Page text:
I removed my sandals near an open space just outside where the door used to be. Sporting dredlocks and sweaty brown skin, I stepped inside the ruins of an ancient temple and planted my flat wide feet in the mix of dung and mud. It was 1995, Tamil Nadu, India. There in the temple that had only one wall and the sky as its ceiling, I wondered what it must have been like a thousand years ago to chant there, to sit in silence listening to cow bells and wooden wagons. I faced a crumbling limestone statue of Shakti, and despite the fact that she had no eyes, no nose, and chipped lips, I could feel the ripples of her presence throughout the centuries. Although I had been practicing Nichiren Buddhism seven years prior, I felt in that moment, in that temple, a sense that I had been introduced to Dharma or the teachings of Buddha a hundred thousand million kalpas ago.
Whether that is true or not, I do experience meeting the Dharma as something that you don’t do once. It occurs as often as one is awakened to the suffering and joy of life. So, sometimes I say that I first heard the Dharma from my mother, when she said something like this at a time when I was disappointed by our church members, “You can’t look at other peoples’ lives and decide if you are going to pray or not.” In other words, if I judge a spiritual or religious practice by its people, I would never practice because there are no perfect people. That human beings are human beings and that other people have very little to do with how far I go down a chosen path of compassion. On the other hand, I might say that Martin Luther King, Jr. was my first Dharma teacher. His message of non-violence and peace sank deep into my eleven-year old heart, especially at a time when four little girls my age had been bombed to death.
Given that, I would say I didn’t go out of the way of my own life to meet the Dharma, but that it met me at the door of my own suffering. And when it came knocking to take up full residence in my life, I actually ran the other way. I was afraid of something so new and different from the black church I was raised in or the African religion that I had dabbled in. I told the Buddhist teachers that I did not have any room for chanting, sitting down after work, or altars that were Japanese. Still the teachers didn’t go away, bringing me candles, incense, and books to read. I had met my match. They were more stubborn than I could ever imagine. But it wasn’t their persistence that kept me still long enough to invite the Dharma in. It was the fact that I never sent the teachers away, because I recognized the innate kindness and compassion of the Buddha’s words that they shared. I recognized the teachings as something I had been yearning to hear. I recognized the bodhisattvas sitting next to me…not their faces, but their sincere intentions for a world of peace.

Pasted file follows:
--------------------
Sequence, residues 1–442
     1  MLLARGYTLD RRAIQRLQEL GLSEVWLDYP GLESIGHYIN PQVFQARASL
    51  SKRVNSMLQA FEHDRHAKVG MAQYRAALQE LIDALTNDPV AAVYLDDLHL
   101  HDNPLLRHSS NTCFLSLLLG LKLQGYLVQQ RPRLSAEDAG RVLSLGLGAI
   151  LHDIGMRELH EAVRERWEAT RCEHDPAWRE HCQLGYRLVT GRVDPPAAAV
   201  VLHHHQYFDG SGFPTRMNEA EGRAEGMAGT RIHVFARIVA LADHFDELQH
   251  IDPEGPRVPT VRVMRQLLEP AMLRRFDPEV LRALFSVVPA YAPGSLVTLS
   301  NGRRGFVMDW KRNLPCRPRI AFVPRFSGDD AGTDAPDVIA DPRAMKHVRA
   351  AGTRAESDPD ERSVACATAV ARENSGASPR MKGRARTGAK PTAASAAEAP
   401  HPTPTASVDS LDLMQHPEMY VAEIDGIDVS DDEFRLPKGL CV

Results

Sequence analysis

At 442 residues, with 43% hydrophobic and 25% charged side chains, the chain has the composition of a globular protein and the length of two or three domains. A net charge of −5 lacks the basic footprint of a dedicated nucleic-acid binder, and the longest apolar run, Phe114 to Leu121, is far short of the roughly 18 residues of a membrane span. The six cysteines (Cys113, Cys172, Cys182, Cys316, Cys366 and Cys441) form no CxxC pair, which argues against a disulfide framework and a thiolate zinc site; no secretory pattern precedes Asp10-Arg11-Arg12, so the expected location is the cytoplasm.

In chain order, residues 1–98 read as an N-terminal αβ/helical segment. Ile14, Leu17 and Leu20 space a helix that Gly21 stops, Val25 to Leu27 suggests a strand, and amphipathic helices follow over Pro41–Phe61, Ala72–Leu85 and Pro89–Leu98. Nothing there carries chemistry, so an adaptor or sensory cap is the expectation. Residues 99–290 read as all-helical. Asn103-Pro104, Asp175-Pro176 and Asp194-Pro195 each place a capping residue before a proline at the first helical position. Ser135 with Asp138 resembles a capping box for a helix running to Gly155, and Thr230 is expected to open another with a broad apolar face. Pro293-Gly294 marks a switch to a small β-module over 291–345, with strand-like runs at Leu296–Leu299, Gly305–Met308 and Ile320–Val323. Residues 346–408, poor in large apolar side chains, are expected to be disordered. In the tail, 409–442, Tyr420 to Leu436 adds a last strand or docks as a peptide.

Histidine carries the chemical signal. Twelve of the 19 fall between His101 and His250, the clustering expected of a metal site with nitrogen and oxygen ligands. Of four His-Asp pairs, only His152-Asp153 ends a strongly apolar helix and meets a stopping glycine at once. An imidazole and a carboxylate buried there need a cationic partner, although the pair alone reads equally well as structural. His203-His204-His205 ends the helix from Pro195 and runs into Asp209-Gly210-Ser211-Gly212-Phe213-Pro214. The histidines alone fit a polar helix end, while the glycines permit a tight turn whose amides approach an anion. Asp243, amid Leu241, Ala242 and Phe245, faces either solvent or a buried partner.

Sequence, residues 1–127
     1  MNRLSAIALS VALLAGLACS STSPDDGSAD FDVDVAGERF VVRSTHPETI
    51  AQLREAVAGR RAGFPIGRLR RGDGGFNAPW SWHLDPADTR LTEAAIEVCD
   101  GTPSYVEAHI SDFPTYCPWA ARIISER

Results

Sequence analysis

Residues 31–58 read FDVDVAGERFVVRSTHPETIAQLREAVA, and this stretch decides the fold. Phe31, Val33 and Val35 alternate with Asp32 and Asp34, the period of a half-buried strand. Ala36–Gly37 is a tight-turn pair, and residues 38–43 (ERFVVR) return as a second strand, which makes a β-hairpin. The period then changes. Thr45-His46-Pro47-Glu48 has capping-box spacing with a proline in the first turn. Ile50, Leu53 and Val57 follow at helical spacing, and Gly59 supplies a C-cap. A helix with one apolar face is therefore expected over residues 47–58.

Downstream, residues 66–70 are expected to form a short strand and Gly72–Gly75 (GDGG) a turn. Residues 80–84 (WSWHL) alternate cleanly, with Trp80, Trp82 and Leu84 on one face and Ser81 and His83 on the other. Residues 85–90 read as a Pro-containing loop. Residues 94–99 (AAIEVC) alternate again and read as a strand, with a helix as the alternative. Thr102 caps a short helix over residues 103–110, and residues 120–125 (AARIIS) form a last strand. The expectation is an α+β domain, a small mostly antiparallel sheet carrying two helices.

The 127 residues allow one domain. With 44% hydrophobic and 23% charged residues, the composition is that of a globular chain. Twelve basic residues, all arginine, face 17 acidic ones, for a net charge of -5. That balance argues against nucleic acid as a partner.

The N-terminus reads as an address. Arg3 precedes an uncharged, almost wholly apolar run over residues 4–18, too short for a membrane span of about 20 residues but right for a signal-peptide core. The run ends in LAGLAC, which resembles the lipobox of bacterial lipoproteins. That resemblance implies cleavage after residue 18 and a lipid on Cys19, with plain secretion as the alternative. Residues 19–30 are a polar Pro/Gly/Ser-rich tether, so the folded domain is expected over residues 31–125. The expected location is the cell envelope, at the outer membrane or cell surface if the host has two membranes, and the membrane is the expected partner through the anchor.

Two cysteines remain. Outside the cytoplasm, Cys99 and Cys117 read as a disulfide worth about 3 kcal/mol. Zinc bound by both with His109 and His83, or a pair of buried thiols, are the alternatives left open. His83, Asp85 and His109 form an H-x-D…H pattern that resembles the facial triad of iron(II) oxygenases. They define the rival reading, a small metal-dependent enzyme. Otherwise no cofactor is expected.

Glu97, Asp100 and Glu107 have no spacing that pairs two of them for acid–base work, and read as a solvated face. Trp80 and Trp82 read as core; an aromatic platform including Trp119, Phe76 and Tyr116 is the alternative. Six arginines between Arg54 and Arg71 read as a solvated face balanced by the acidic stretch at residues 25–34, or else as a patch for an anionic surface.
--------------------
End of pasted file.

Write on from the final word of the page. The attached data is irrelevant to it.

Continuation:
Immediately upon accepting the path of Buddha I began to see the depth of suffering within and around me. It was almost unbearable, causing me to doubt the teachings, meaning I had taken on something that might get the best of me. But with the help of many teachers I began to see that the suffering and the joy would be the places in which I practiced the teachings. That my life would serve as the ground in which Buddhism would come alive.
Today, the Soto Zen that I practice is felt in my body. I can feel the healing that is taking place by how I see, both the world and my life, with the curiosity of a child. I can feel the chants grace my thick lips and my southern Louisiana ancestors knowing that all is well with their daughter chanting in Pali, Sanskit, ancient Chinese, and Japanese. It is all very natural to me. I welcome the Dharma as it has welcomed me long before I was born.